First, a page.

Value at Risk (VaR) is the most commonly used measure of the amount that could be lost from a position or a portfolio.
VaR is understood to be the maximum loss which could occur at a given confidence level over a specified time horizon. More precisely, it is the threshold value such that the probability that the mark-to-market loss on the portfolio over the given time horizon exceeds this value is the given probability level. We assume normal markets and no trading in the portfolio.
VaR calculations often assume that returns are normally distributed over the time horizon. Common parameters are 1% and 5% probabilities and a one day or 10 days (2 weeks) horizon. The inputs for VaR calculations include details of the portfolio, the time horizon and the parameters which drive the distribution of the underlyings (the average growth rate, volatilities and correlations). For short time horizons the growth rate is negligible.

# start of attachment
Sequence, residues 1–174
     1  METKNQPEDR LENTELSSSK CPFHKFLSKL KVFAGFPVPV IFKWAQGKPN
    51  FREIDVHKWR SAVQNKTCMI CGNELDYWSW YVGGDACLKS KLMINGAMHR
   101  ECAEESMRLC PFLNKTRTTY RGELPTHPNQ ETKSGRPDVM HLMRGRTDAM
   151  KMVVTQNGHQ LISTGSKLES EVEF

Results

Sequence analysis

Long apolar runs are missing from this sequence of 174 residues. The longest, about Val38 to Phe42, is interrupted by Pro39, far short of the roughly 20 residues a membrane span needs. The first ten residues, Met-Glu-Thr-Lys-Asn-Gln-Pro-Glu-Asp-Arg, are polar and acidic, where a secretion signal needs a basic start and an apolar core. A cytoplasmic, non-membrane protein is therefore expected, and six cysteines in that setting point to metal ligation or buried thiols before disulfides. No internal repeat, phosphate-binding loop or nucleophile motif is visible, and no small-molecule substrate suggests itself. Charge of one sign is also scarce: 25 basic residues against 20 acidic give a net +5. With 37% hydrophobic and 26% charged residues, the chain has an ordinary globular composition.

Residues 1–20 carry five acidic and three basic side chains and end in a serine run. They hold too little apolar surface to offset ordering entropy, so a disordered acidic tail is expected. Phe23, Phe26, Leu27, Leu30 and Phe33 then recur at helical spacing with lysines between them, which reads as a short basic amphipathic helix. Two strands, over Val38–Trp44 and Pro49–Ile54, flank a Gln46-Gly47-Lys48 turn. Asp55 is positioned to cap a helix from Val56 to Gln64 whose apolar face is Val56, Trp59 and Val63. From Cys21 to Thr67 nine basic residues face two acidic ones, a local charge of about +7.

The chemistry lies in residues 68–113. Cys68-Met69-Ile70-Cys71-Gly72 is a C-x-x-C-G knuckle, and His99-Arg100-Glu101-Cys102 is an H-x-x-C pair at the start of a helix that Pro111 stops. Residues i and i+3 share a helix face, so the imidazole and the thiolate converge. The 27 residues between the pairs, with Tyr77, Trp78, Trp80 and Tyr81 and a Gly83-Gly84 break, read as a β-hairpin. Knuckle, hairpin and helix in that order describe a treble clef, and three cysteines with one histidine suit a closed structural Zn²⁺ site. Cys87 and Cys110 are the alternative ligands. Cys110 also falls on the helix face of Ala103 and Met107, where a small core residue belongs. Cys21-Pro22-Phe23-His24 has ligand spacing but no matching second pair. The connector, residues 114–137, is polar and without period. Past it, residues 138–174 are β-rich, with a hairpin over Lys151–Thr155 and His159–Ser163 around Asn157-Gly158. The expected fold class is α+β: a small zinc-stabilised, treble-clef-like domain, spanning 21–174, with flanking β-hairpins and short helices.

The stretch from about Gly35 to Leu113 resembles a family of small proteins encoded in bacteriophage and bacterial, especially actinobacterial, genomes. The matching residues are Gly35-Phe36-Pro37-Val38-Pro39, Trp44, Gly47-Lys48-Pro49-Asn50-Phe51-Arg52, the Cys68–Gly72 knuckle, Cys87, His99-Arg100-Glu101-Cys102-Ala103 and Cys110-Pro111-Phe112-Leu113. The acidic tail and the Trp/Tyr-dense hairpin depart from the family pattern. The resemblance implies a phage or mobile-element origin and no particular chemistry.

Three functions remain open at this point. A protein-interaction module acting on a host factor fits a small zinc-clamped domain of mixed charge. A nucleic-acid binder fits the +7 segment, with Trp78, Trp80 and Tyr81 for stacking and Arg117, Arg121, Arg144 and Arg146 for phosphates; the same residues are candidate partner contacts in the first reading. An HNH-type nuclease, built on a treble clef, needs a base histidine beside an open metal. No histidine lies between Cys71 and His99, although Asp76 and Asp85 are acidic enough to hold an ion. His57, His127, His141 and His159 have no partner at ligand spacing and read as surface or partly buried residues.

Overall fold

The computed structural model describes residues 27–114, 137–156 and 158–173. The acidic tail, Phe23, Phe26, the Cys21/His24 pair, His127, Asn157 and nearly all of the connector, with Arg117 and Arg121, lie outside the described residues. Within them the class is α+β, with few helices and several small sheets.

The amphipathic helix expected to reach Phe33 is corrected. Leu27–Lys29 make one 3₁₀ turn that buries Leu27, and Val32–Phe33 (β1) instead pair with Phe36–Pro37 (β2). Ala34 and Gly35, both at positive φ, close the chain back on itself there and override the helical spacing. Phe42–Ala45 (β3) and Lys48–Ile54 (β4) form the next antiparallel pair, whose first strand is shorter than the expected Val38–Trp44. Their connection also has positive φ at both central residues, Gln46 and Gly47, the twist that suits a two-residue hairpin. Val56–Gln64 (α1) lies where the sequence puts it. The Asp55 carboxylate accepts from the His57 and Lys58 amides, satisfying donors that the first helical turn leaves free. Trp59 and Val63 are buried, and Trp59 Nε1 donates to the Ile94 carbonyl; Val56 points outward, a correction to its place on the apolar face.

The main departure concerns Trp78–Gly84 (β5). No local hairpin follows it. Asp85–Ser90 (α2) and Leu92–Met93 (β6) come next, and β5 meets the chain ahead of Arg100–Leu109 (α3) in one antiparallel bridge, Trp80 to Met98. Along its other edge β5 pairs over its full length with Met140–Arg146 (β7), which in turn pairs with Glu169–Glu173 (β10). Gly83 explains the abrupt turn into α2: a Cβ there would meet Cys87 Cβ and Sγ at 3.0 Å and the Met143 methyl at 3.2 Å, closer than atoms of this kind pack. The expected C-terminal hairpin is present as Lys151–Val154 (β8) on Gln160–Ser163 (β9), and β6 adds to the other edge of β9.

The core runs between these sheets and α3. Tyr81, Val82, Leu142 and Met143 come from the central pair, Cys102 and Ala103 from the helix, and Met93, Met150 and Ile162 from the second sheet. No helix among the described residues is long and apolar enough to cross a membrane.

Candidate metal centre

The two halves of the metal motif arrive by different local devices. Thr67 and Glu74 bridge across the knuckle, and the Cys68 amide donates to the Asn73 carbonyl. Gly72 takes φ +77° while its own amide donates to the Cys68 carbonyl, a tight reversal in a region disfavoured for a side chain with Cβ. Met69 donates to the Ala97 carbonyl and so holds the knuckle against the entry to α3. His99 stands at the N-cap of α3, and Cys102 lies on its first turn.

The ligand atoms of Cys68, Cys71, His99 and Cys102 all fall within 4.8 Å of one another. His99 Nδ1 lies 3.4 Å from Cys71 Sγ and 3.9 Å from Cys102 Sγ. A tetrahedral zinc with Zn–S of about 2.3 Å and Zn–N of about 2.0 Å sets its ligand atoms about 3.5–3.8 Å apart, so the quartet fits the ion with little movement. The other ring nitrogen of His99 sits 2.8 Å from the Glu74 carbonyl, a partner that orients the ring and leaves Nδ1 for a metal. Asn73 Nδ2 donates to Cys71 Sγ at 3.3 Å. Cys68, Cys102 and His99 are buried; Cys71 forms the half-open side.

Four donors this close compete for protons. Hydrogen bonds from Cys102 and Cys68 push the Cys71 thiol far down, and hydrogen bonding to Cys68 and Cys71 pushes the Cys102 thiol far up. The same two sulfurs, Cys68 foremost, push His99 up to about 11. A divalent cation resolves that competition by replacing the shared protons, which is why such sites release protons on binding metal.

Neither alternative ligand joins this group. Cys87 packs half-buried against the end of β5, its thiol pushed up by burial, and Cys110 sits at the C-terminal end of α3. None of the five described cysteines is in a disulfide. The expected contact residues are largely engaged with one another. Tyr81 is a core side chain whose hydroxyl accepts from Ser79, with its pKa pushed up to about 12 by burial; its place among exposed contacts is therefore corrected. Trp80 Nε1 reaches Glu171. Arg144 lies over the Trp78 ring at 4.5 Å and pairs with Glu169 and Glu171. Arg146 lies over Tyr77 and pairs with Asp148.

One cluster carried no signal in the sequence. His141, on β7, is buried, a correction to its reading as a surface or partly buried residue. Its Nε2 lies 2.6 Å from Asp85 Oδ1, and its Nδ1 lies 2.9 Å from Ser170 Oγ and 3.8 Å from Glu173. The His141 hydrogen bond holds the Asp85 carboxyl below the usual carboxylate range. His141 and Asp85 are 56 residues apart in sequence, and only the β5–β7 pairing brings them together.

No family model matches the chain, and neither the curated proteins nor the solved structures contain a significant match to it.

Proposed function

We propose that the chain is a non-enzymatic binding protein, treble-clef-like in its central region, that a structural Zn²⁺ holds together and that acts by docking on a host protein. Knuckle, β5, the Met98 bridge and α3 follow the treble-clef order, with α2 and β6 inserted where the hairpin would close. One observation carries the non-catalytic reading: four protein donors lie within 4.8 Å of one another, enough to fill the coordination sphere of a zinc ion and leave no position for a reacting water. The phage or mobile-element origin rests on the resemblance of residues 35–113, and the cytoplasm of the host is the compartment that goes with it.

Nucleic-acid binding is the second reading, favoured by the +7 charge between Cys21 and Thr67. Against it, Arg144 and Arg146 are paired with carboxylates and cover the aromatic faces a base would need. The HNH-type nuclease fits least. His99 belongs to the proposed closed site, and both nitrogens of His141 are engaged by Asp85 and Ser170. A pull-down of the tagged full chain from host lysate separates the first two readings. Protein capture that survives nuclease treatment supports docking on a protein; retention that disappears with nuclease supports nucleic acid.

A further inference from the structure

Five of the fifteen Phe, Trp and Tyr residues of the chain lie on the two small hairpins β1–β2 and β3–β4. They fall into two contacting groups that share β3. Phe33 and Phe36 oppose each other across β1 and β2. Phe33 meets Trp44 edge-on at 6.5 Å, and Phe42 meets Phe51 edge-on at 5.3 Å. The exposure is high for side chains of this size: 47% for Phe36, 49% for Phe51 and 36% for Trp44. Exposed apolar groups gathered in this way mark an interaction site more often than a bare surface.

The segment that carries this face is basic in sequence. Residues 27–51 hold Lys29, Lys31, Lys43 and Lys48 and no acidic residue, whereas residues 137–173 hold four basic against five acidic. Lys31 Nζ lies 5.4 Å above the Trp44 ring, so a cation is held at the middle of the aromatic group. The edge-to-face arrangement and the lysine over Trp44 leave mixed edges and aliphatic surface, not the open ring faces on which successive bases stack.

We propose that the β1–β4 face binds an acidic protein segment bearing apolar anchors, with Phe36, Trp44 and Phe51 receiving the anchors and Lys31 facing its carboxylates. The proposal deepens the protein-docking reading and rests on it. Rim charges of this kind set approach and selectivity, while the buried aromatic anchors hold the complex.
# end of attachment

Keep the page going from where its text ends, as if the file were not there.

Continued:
If you are working with standard deviations only then you can go from one confidence level to another by adding the corresponding difference of their distances of standard deviations from the mean: